9 gírias (slangs) from different regions in Brasil.

Posted on 30. Nov, 2015 by in Culture, Slang, Vocabulary

Brasil is so big and diverse that there are a good few words and expressions that are used in some places in the country, but people from a different region wouldn’t even know what they mean.

Last week we learned a little bit more about some words and their correspondent in another part of Brasil, these are different words with the same meaning. Click here to take a look at them one more time.

The idea for this week’s post is similar, the only difference is that now we are going to check out some gírias (slangs) that are used only in specific parts of the country. There are so many gírias in Portuguese that for now we are going to see only some of the ones people say in Minas Gerais, São Paulo and Rio de Janeiro.


  1. Uai: used in Minas Gerais, this word is and interjection, it doesn’t mean anything and can be used in many different ways to express surprise, doubt, amazement and other emotions, depending on how you say it. It can be used at the beginning or end of a sentence.
  • Uai, você não vai na festa? Achei que ia. – Uai, aren’t you going to the party. I thought you were.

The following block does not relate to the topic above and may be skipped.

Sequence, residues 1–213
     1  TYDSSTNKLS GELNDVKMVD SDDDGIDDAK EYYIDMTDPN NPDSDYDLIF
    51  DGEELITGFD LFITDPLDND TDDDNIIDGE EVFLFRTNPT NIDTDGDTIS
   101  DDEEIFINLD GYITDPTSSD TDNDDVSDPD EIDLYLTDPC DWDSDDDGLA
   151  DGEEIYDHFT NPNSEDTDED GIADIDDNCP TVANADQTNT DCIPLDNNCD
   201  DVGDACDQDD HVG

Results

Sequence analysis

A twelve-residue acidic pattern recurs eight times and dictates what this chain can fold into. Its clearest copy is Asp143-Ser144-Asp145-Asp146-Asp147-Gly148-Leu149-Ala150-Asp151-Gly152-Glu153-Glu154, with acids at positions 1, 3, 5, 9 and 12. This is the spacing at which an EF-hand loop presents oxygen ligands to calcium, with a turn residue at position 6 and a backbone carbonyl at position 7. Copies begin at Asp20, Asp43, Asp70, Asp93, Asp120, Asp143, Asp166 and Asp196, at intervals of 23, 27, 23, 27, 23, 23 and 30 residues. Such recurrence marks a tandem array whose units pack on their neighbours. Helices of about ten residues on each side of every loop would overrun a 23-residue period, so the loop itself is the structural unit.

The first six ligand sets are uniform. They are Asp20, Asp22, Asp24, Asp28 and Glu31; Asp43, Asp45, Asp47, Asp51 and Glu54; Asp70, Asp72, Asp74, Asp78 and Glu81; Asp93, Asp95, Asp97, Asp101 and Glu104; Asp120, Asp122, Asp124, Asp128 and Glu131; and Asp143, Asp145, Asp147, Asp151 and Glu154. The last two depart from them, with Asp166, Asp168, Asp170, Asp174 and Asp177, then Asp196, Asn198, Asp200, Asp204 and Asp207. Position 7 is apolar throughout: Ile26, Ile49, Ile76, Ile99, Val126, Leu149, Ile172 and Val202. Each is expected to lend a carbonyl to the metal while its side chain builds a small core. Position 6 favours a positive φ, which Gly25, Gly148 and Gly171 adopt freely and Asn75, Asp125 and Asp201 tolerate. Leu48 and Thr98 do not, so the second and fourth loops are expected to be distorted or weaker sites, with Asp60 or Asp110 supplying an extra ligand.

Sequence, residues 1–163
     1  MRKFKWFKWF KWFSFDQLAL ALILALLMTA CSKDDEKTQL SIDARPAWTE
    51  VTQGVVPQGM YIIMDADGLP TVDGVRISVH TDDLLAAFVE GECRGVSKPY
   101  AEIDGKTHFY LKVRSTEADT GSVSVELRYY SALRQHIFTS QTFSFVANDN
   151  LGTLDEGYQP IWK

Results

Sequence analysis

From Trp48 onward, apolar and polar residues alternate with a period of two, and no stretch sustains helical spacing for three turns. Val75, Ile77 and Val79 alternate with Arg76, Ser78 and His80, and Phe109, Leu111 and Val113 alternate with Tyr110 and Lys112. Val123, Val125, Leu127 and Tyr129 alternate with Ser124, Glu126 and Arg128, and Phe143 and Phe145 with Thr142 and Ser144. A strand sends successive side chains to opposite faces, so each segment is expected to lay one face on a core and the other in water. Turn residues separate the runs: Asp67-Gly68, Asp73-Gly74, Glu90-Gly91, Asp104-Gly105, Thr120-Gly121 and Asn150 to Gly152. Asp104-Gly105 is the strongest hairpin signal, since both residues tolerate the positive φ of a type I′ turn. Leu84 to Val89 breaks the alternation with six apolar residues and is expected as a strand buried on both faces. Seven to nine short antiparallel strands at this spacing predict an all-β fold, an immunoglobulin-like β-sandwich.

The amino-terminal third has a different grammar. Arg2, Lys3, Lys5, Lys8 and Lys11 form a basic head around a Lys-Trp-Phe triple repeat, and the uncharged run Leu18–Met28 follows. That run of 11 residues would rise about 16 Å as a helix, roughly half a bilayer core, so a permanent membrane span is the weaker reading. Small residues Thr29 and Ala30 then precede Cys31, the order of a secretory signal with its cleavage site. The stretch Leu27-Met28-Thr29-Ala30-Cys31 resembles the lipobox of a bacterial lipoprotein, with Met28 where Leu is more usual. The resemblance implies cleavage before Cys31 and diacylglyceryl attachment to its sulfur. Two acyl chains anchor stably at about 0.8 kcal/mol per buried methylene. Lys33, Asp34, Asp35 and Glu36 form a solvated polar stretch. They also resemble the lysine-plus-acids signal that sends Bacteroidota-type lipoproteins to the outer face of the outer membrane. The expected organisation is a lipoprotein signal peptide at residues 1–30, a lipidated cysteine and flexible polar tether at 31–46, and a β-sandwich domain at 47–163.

• Uai, não sei se a Marcela mandou o convite ainda. – Uai, I don’t know if Marcela sent the invitation yet.
  • Essa comida está boa de mais, uai! – This food is really good, uai.


  1. Trem: it is also spoken in Minas Gerais and it translates literally as train, but it is used as a substitute for any place, object or situation. It is very useful for when you cannot remember the name of something.
  • Você recebeu o trem que eu te mandei? – Did you get the thing I sent you?
  • Como que chama aquele trem alí? – What do you call that thing over there?
  • Eu comi um trem muito bom ontem! – I ate something amazing yesterday.


  1. Vei: used in different parts of the country, especially in the south-east of Brasil. It is an adaptation of the word “velho” which means “old”. It would be the correspondent term to “dude” or “man” in English.
  • Véi, o show ontem foi muito bom! – Dude, the gig yesterday was great.


  1. Mano ou meu: spoken mostly in São Paulo. It is used the same way as véi.
  • Meu, você terminou aquele projeto? – Dude, did you finish the project?
  • Mano, eu preciso ver aquele filme. – Dude, I need to see that film.


  1. Top: it is used a lot in São Paulo as well as some other places in the south-east region. The term is used to refer to something amazing.
  • Essa receita de brigadeiro é top. – This recipe for brigadeiro is awesome.
  • Comprei um carro top. – I bought an awesome car.


  1. Breja: it has its origin in São Paulo, but now it is used in different parts of Brasil. It is short for cerveja (beer).

me gusta cerveja